Is Marijuana Possession Still Illegal in Michigan?

Is Marijuana Possession Still Illegal in Michigan?

Posted on:
April 14, 2020
Criminal Defense
Posted By:
Share This Post:

In 2018, Michigan voters approved the legalization of personal marijuana use. On December 1, 2019, new laws put those desires into effect, allowing the personal use of marijuana for people 21 years of age and older. While this eases the fears for many people in the Great Lakes State, Flint criminal defense attorneys will still need to defend people accused of some marijuana-related crimes. While the new law legalized some use, possession, sales, growth, and processing of marijuana, some violations remain illegal. It’s important to understand these nuances to avoid charges. 

Federal Marijuana Laws

Although Michigan was the 10th state to legalize the recreational use of marijuana, the substance remains illegal under federal law. The Controlled Substance Act (CSA) classifies marijuana as a Schedule I drug, meaning the federal government considers it to have high potential for abuse and no medical value. This classification puts marijuana in the same category as heroin, LSD, and ecstasy. 

Many experts believe it is unlikely that federal prosecutors will charge people with simple possession under federal law if they follow state law. However, marijuana users must know that federal charges are possible and carry to following maximum punishments:

  • Possession on the first offense: One year of incarceration and $1,000 in fines
  • Possession on the second offense: Two years of incarceration and $2,500 in fines
  • All possession offenses afterward: Three years of incarceration and $5,000 in fines
  • Selling less than 50kg or cultivating fewer than 50 plants: 5 years in prison and $250,000 in fines

Cultivating and selling marijuana in higher amounts can lead to even more significant penalties. If you find yourself facing federal marijuana charges, you need an experienced Flint criminal defense lawyer on your side.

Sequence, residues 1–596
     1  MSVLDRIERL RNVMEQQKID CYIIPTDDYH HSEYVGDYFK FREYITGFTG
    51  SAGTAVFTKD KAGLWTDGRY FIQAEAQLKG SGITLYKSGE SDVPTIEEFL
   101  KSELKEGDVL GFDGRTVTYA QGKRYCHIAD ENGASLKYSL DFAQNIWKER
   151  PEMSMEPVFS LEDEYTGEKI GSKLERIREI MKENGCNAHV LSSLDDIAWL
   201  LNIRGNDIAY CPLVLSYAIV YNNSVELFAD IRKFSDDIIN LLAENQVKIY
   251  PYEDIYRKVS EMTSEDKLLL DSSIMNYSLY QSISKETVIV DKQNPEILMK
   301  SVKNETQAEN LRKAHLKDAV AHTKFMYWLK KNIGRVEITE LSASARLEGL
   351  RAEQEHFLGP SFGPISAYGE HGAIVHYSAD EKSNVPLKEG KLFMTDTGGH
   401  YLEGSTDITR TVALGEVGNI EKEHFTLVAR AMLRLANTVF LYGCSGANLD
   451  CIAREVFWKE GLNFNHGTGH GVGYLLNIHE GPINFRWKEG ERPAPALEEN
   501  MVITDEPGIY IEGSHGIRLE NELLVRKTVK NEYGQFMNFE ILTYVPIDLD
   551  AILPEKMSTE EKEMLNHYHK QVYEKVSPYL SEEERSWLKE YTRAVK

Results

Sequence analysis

Marijuana Laws in Michigan

Under the latest Michigan marijuana laws, adults over the age of 21 are allowed to:

  • Possess up to 2.5 ounces of marijuana on their person
  • Possess up to 10 ounces of marijuana in a single home
  • Distribute up to 2.5 ounces of marijuana without payment
  • Grow up to 12 marijuana plants for personal use
  • Possess or distribute (without payment) up to 15 grams of hash or concentrates 
  • Sell marijuana paraphernalia

Anyone who wishes to possess, grow, or sell more than these limits must hold the proper licenses to do so. Without those licenses, people who possess more than the allotted amounts may face criminal charges and penalties. Below are some of the charges and maximum penalties for marijuana-related charges in Michigan:

  • Possession of or giving away between 2.5 and five ounces: civil infraction with a fine of up to $500
  • Possession of more than five ounces: misdemeanor with a fine of up to $500
  • Selling between five ounces and 50 kilograms without a license: felony with up to four years of incarceration and $20,000 in fines
  • Cultivating between 13 and 24 plants without a license: civil infraction with a fine of $500
  • Cultivating between 25 and 200 plants without a license: felony with up to seven years of incarceration and $500,000 in fines

Selling more than 50 kilograms and cultivating more than 200 plants carry even steeper penalties. Possessing marijuana of any amount remains illegal in Michigan for anyone under the age of 21 and people of all ages in certain jurisdictions. For example, the University of Michigan does not allow marijuana on campus. 

If you are facing marijuana-related charges, be sure you have an experience Flint criminal defense attorney by your side. Contact Nickola Law today to see how we can help.


Nickola Law past results are not express or implied prediction of future success, and should not be construed as such. Past results cannot guarantee future performance. Any result in a single case is not meant to create an expectation of similar results in future matters because each case involves many factors, therefore, results will differ on a case-by-case basis. This website is designed for general information only. The information presented at this site should not be construed to be formal legal advice nor the formation of an attorney/client relationship. Testimonials are not a guarantee, warranty, or prediction of the outcome of your case. By providing certain contact information herein, you are expressly authorizing the recipient of this message to contact you via the methods of communication provided.

*Personal Injury Only

Call Now Button